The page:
Tell me if this is the norm in your er! - page 2

Hi everyone...we had an er visit last night, and I don't work ER full time anymore (moved on to another specialty) although I do work agency in the ER now and then. I am a trav nurse, currently in... Read More

  1. by   r0b0tafflicti0n
    Now that you mention it, though, I'm sure they can refuse a medic if they want a longer wait. I'm sure people refuse PAs and NPs and residents in place of a "real doctor" all the time and that's their prerogative, right?
  2. by   GilaRRT
    Quote from r0b0tafflicti0n
    Perhaps? I'd be pretty comfortable with simple suturing from a paramedic, myself. They're a highly skilled group; they're even allowed to intubate. Suturing isn't really rocket science, imo.

    In fact, why can't RNs do simple suturing?
    Some places allow RN's to "suture." However, I will tell you that with all the other things I have do do when working ER, taking time to close a wound is the last thing I want to think about doing.

    Unfortunately, even simple laceration repair with the generic "interrupted" technique is in fact a complex procedure. First, you need to identify structures, neurovascular integrity, and the overall condition of the tissue and wound bed. Additionally, you need to know how to properly debrid the wound and even determine if a wound should or should not be closed. You also need to identify what type of wound will require what type of technique. In addition, what about multi layer closure or the identification of compromised deeper structures requiring sub-specialty resources, not to mention local anesthesia techniques.

    This is where the slippery slope applies IHMO, the identification of a "simple" laceration/wound versus a serious wound.
  3. by   sharpeimom
    Quote from r0b0tafflicti0n
    now that you mention it, though, i'm sure they can refuse a medic if they want a longer wait. i'm sure people refuse pas and nps and residents in place of a "real doctor" all the time and that's their prerogative, right?
    no one has ever sutured me except a plastic surgeon since i was a little kid. i keloid despite the fact that i have typical very fair swedish skin and have been told i shouldn't keloid. no way will a tech, pa or np ever suture me. i've had to have three scars treated after the injuries healed.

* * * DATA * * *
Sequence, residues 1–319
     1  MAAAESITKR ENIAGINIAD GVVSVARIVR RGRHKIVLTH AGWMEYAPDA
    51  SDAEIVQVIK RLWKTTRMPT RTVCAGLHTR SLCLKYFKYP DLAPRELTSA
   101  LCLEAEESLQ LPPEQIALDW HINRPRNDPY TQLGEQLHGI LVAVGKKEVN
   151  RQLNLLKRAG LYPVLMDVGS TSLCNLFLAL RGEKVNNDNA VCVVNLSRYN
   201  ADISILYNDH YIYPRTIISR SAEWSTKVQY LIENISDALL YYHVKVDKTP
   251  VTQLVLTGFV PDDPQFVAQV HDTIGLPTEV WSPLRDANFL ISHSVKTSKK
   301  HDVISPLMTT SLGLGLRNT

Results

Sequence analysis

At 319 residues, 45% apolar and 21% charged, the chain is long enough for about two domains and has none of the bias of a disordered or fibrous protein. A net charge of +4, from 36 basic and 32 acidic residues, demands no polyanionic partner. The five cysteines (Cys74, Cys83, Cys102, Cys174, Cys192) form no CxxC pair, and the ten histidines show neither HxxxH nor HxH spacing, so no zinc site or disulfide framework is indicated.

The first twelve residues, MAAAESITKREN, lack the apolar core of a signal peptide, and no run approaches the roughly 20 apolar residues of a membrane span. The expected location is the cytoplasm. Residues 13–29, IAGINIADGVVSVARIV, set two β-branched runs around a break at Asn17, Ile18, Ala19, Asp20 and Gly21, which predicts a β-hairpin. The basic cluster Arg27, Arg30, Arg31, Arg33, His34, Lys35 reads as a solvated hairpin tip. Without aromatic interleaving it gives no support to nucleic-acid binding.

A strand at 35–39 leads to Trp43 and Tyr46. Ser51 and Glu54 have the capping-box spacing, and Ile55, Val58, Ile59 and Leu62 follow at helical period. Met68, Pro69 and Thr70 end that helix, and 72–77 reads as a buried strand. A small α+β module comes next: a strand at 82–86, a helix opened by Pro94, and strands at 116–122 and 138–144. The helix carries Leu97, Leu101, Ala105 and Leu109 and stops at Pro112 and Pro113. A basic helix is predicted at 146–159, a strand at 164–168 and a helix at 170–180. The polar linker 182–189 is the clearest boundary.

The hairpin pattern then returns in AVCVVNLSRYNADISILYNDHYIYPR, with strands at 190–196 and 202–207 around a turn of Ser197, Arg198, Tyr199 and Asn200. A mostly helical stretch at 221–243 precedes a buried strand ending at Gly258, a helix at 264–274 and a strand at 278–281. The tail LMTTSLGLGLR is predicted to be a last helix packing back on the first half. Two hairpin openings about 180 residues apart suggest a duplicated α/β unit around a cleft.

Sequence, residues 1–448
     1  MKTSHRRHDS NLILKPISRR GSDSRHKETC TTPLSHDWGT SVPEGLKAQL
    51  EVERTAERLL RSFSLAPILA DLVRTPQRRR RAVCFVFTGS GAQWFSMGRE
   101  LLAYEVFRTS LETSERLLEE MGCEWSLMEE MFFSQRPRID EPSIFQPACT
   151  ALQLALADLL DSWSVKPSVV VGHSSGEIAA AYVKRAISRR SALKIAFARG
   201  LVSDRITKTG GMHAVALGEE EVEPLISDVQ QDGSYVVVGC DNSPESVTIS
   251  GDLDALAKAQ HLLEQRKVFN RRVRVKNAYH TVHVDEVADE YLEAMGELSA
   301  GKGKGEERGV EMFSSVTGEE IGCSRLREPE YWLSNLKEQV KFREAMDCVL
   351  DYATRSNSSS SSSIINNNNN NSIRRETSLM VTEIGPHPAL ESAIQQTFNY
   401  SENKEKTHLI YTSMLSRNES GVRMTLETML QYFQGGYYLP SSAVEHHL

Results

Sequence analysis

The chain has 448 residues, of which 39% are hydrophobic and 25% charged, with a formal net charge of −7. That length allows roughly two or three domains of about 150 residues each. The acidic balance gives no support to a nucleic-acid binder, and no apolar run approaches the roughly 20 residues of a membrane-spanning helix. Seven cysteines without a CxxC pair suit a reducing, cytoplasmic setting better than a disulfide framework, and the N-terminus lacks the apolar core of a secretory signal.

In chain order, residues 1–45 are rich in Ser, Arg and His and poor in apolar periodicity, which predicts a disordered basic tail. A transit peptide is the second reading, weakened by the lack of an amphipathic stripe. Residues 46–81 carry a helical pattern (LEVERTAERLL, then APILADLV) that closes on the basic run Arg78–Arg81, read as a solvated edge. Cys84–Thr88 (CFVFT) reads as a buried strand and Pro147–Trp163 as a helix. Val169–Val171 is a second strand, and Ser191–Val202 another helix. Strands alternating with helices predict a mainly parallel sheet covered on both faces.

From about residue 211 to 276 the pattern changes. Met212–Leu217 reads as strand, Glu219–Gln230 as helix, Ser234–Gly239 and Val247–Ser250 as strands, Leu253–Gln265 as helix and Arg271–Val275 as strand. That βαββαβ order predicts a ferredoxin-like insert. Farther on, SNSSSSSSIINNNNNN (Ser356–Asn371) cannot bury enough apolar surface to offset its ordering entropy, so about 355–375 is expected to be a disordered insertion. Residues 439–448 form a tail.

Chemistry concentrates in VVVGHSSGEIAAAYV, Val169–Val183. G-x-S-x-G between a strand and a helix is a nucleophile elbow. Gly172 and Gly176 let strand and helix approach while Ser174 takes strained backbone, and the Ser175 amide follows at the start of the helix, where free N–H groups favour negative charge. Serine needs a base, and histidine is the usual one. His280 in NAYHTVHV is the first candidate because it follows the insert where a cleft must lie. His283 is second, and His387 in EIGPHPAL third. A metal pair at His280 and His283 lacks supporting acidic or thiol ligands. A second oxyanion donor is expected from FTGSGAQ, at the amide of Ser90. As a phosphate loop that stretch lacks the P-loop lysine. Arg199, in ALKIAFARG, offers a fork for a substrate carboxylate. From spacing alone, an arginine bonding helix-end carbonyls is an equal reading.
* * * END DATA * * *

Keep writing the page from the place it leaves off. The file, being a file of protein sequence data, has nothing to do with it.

4. by   I_LOVE_TRAUMA
    I would only let an NP, PA, or MD suture up my kid. Even though I have closely watched 1000s of people get sutured and could probably do it , (I guess I'll see how good I am soon enough since I'm doing the ACNP now). I even once gave my husband 6 stiches across his eyebrow-there's hardly any scar at all. But when it comes to my kid, I would always want the most highly qualified and experienced person available. I agree that it is probably very varied by state.
  5. by   Medic09
    UNM Hospital in Albuquerque used to have techs suture as a regular thing. It was quite successful. The only reason they stopped is because it wreaked havoc with billing.

    As for cleaning wounds, if you do a literature search you will find several studies whose results pretty clearly show that irrigating wounds with sterile water or plain saline is as effective in preventing infection as all that other stuff we used to use. And it doesn't have any of the risks. It is good, evidence based practice. I first learned this at a wilderness medicine conference about 6 years ago, and it was pretty well accepted by then. About the same time, I talked it over with our vet while assisting in wound care for my (then) search dog. She said the same thing.

    If a wound was well irrigated by someone trained to do so, and it looks right to the doc, why should the doc do it again? There is no evidence to support such a practice.

    In our ER the techs or nurses do all the wound prep. The docs inject and suture.

    BTW, I can tell you honestly that some of our techs are far better at skills like splinting or wound prep than nearly all of the nurses.
  6. by   canoehead
    Irrigation here is just saline or water.

    I believe the wound should be assessed by a physician, and then delegated to the appropriate person. I have heard of techs and RN s suturing, but have never worked with any. I would not want to forgo the MD assessment though.
  7. by   GilaRRT
    Quote from Medic09
    UNM Hospital in Albuquerque used to have techs suture as a regular thing. It was quite successful. The only reason they stopped is because it wreaked havoc with billing.
    I think they still do at Presbyterian?
  8. by   twinmommy+2
    I have a few techs where I work that I would let suture a family member, but that is because they are Army medics and do that kind of thing. Any of the others, no thanks.

    Now that is not policy where I work that they let techs suture or RN's give lido. Both are done by mid level providers or higher.
  9. by   Medic09
    Quote from GilaRN